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Iowa Police Swept More than $100 Million from Citizens over Past 20 Years, Earning D- Rating

pexels-skitterphoto-9660-300x196A broken tail light or driving over the speed limit is reason enough for a traffic stop. But is it justification for all the cash in the car to be confiscated by police?

Unfortunately, the answer in Iowa is yes, to the tune of over $100 million in the past 20 years. Even more unbelievable is the fact that no speeding ticket, no warning, and no probable cause has to exist. This practice, legal in all 50 states, is called civil asset forfeiture.

These assets consist of cash or property that is then dumped into law enforcement agencies’ coffers. Some of this money is used for positive purposes, like new equipment and training for police or community involvement efforts funded by law enforcement. It sounds good, but nearly half the money is not tracked or accounted for at all. The amount of money is so large (like the $100 million figure in Iowa) that the practice has come to be known as policing for profit.

The Institute for Justice studied twenty years of this practice and issued their report, “Policing for Profit: The Abuse of Civil Asset Forfeiture,” in early 2020. The data is clear, especially in Iowa. The report indicates that federal and state law enforcement agencies collaborated to sidestep Iowa state laws designed to curb the seizing of citizens’ property without due process. According to the data, the majority of the money is taken from citizens—an average of $900 per stop—who are not drug dealers or terrorists.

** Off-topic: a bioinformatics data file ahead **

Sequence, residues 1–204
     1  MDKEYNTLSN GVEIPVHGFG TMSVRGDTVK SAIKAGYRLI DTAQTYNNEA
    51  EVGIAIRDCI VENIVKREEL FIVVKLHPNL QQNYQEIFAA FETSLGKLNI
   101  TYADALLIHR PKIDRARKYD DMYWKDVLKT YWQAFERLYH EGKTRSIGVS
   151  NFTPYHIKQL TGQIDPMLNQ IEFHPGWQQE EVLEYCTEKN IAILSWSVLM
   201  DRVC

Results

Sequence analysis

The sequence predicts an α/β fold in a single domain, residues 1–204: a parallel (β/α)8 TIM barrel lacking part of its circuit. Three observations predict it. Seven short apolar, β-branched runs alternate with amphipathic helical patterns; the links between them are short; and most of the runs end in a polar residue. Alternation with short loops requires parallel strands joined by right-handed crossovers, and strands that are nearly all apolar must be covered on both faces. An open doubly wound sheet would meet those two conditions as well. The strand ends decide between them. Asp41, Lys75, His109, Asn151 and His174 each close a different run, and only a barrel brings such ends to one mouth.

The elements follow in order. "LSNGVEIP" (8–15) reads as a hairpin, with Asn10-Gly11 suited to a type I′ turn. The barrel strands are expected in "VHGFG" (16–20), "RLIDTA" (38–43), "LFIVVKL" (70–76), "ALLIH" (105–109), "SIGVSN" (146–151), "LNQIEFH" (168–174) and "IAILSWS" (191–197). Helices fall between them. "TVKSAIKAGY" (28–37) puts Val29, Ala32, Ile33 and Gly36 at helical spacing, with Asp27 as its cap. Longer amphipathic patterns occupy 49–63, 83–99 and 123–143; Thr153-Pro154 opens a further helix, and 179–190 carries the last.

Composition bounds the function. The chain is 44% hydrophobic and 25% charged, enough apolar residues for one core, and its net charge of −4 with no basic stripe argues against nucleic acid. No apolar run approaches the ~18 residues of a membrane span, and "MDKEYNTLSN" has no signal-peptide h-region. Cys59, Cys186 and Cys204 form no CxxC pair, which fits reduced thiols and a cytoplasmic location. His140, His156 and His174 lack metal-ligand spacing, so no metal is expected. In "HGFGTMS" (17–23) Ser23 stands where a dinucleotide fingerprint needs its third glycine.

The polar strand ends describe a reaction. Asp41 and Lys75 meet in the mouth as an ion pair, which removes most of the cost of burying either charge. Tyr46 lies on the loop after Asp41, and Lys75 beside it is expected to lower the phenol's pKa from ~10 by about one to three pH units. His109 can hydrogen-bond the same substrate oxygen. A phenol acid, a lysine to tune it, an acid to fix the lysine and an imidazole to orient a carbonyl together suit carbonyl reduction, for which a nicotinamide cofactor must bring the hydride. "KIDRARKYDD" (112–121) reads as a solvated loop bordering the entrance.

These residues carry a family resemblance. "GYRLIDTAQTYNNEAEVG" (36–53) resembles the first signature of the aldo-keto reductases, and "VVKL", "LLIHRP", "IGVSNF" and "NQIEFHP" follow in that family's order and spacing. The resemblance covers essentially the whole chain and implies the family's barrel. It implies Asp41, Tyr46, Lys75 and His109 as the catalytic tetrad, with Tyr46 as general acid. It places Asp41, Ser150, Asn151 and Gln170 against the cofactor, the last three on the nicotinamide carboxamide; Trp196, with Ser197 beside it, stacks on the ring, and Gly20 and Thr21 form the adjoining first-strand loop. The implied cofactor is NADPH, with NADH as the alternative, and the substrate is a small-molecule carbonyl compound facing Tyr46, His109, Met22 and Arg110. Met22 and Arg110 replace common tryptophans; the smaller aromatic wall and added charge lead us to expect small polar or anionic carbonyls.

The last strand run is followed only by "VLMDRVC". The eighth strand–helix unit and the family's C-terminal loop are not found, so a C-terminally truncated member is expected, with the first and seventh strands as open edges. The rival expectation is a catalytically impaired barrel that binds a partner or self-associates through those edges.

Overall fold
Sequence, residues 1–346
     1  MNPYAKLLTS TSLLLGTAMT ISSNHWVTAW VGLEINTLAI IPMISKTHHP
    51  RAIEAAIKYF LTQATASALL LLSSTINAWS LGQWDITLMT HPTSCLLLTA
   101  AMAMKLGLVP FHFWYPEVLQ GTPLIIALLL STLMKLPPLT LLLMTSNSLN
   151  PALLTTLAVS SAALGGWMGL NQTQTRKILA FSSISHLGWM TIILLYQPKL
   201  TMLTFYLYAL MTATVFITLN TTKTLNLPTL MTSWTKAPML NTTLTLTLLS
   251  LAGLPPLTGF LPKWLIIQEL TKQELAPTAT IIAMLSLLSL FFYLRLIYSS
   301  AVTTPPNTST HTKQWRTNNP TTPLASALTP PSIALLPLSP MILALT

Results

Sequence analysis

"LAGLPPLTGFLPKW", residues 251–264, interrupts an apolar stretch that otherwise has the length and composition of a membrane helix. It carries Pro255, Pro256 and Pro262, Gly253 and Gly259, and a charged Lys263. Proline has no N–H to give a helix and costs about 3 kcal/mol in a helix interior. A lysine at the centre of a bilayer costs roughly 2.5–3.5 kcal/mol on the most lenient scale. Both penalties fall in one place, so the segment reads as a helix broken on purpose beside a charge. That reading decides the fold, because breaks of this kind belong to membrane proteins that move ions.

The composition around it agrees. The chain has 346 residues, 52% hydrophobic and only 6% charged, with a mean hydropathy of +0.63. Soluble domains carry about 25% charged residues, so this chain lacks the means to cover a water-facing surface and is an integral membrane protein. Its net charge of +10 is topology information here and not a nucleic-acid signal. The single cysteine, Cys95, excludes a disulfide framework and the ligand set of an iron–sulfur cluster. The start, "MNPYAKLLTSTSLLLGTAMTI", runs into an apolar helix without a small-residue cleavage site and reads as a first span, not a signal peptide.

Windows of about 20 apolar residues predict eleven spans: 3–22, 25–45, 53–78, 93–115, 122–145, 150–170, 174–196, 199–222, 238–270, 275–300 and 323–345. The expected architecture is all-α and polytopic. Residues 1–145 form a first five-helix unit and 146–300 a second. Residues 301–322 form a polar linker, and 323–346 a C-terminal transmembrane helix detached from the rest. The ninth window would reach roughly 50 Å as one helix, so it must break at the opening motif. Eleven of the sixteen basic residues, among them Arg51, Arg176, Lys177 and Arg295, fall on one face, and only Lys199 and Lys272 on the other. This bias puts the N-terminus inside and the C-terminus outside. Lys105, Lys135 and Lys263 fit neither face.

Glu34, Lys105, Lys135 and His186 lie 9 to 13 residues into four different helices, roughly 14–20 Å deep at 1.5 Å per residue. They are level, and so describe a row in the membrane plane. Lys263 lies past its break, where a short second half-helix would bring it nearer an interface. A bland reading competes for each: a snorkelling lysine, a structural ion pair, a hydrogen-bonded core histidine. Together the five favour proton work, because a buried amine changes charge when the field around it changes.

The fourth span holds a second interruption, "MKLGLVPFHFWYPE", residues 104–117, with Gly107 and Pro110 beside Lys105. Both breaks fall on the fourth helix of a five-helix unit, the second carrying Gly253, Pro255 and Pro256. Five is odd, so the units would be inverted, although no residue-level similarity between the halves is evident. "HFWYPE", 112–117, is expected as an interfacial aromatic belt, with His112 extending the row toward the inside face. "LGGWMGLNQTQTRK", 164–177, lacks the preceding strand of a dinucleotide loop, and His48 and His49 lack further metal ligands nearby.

In addition, the study reports that in times of economic distress, like a pandemic, the confiscations increase. This points to federal and state law enforcement bolstering their own budget shortfalls through confiscating cash and property from citizens. Lisa Knepper, one of the authors of the Institute’s report, agrees.

“No one should ever lose their property without first being convicted of a crime, but Iowa lawmakers should be especially concerned about forfeiture abuse now, as local governments face increased fiscal pressure amid the COVID-19 pandemic,” Knepper said.

Many victims of civil asset forfeiture are the owners of small businesses moving capital from one location to another or making crucial purchases. One example is an Arnolds Park restaurant owner; federal tax agents seized $30,000 of business income from her home in 2013 without accusing her of any crime. Attorneys from the Institute for Justice represented her pro bono and were able to return the cash to her a year later.

In another case,  California gamblers William “Bart” Davis and John Newmerzhycky were stopped for failure to signal by Iowa troopers in April 2013 along I-80 in Poweshiek County. The troopers confiscated $100,020 when searching the vehicle. A settlement agreement led to $90,000 being returned along with another $60,000 awarded to the men on grounds that the search was illegal.

This practice of policing for profit is under fire in many states. If you have had cash or property seized by law enforcement, contact an attorney immediately for assistance.

South Florida Civil Asset Forfeiture Attorney

Are you the victim of an airport cash seizure? Contact Brian Silber, P.A. to set up a free initial consultation and work with one of South Florida’s most experienced civil asset forfeiture defense attorneys.

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